Monday, May 15, 2017

Getting to Know Astros/Hooks RHP Dean Deetz

Corpus Christi Hooks RHP Dean Deetz is a rare breed, a starting pitcher who conveys just the right amount of cockiness without taking himself too seriously. Perhaps being humbled in his first professional season after being drafted in the 11th round in 2014 out of Northeast Oklahoma A&M College played a factor, but I suspect that his ability to laugh at himself comes naturally.

Dean Deetz - April 2017
Photo by Jayne Hansen

In that first professional season, Deetz compiled an 8.88 ERA and a 1.934 WHIP in 25.1 innings, walking 6.8 batters per nine innings. Fast forward to 2017 and Deetz has a 1.30 ERA and a 0.867 WHIP through his first 27.2 innings of work and has reduced his walk rate to 2.6 batters per nine innings. In his last outing, Deetz allowed two earned runs, equaling his total for the prior five appearances combined.

When I talked to Deetz recently, I asked him about his season to date, what he's working on and his journey to this point in his career. When asked what's going well for him this season, Deetz said, "I'm just throwing strikes and just throwing good pitches through the zone, making them swing the bat. And my stuff's good enough that I can attack hitters and they're not going to hit the ball hard. They're just going to put the ball in play and I'll get some outs."

Deetz continued, "My slider's working the best for me and probably my fastball. I started using my changeup a lot the last game. I'm probably going to use it more throughout the season now so hopefully that will be better for me."

Hooks Pitching Coach Dave Borkowski agreed, "He's pounding the zone and he seems a little bit more under control. A lot more competitive sliders ... they are more strikes out of his hand, disappearing at the plate, making it a little bit more effective pitch."

Deetz can throw the heat, but he understands that he has to tread a fine line between velocity and control, "The hardest I've thrown so far this year is 97 (he sits 93 to 95). I feel like I throw more strikes when I'm not trying to throw hard, but I also feel like I throw less strikes when I'm aiming and (consciously) not trying to throw hard. I've got to find a little happy medium or I'm wild both ways."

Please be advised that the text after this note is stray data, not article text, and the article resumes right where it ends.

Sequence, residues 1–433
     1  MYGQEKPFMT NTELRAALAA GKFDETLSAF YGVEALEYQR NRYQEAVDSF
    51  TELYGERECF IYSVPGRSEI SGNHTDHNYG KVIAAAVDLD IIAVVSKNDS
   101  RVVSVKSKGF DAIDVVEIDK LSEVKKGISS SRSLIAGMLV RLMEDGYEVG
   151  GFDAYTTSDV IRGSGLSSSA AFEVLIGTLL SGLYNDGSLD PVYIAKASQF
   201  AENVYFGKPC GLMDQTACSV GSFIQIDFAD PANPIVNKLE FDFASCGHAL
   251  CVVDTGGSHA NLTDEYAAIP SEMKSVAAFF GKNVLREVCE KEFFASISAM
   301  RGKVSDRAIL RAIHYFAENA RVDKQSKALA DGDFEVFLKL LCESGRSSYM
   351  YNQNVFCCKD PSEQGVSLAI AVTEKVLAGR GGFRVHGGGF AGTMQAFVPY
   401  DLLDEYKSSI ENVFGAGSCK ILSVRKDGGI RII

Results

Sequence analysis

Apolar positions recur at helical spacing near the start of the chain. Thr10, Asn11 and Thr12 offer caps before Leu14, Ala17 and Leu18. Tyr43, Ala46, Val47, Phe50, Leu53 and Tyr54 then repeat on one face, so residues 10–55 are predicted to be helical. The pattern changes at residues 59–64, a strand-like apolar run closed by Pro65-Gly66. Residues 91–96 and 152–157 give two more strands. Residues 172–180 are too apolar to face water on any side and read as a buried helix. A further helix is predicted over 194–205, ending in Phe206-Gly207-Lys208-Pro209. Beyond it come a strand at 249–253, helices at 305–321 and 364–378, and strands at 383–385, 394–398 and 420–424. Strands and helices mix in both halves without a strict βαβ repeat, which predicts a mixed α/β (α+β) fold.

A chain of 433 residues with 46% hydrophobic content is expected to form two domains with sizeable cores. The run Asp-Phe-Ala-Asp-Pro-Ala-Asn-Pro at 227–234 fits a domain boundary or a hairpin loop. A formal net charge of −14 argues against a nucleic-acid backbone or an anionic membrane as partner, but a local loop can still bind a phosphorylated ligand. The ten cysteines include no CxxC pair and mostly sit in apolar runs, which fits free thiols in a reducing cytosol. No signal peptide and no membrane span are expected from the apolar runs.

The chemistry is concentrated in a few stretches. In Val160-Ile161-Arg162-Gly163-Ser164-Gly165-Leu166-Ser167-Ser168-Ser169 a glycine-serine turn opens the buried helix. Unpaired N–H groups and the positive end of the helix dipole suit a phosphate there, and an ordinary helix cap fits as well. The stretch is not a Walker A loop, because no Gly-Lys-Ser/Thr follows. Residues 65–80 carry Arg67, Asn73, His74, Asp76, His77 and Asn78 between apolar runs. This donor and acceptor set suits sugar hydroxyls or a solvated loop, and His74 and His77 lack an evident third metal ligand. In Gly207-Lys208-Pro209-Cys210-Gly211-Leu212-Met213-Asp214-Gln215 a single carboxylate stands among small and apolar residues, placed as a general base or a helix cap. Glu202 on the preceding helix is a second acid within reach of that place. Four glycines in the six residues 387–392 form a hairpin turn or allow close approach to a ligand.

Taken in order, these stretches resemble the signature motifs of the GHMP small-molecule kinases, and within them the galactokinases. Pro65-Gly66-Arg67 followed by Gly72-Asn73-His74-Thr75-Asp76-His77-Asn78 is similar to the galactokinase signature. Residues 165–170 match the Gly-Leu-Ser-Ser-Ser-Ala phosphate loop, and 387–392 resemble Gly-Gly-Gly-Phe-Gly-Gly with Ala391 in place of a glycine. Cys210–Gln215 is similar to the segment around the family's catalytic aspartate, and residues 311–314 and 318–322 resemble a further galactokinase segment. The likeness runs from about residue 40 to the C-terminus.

When he first started pitching, he told me, "I thought I could come in and just throw as hard as I can right past everyone and it would be fine and that's not how it worked. That's what I did in junior college and it worked out great. It didn't work out good here (in the pros). Everyone hits a fastball."

As far as what Deetz is working on, he said, "Pitching, like knowing what counts I want to throw certain stuff against certain hitters and I still need to work on being able to throw my fastball at different heights to make my other pitches look like they're fastballs for longer. Recently we've been working on it. It's getting better, but to pitch in the big leagues, I'm going to need to figure that out a little more."

One of the challenges that Deetz and many others in the Astros system have had to face was pitching in the decidedly hitter-friendly and pitcher-punishing confines of The Hangar at the Astros former High A affiliate in Lancaster, California. Of that time, Deetz said, "That was awful. I hated baseball then. That was so bad. Everyone wanted to pitch at away games. No one wanted to pitch at home. That place was so bad." Does he resent that other Astros pitchers coming up through the system won't have to survive The Hangar? "I tell them. You guys are so lucky that you don't have to go to Lancaster and they're like, 'Dude this place (Corpus Christi) is so bad.' (I tell them), 'No, Lancaster was way worse to play.' You throw one ball. It gets touched in the air and goes out of the park," said Deetz.

Which of his Hooks teammates stand out for him? Deetz responded, "I would say Ramon (Laureano), but I've been playing with Ramon for so long that when he does crazy stuff, it's just normal for me. Let's say J.D. (Davis). I love him. He's cool. He's a cool guy. He's quiet, but when we're playing he's very talkative. He's a good team guy. I consider him kind of a leader on the team. It's just crazy to watch him do what he can do."

What has he learned that he wishes he had known when he was drafted? "It doesn't matter how hard you throw. It just matters if you throw strikes. If I had known that in junior college, it probably would have been a lot better. I probably wouldn't have walked a hundred million people. Now that I've figured it out, it makes pitching a lot easier."

I was going to leave the interview there, but this picture prompted me to ask one last question ...



I asked Deetz if he realized that his hair style had started to resemble a porcupine. I wasn't sure that he'd appreciate my comparison, but he surprised me, "That's the best part! I'm growing this thing out forever. I like looking goofy. People are like, 'What is this dude doing?' I don't know. I'm just doing something. I don't care about it," Deetz laughed.

Thank you for your time, Dean, and you keep doing you!

Other Recent Interviews:
RHP Akeem Bostick
LHP Mike Freeman
3B J.D. Davis
OF Drew Ferguson

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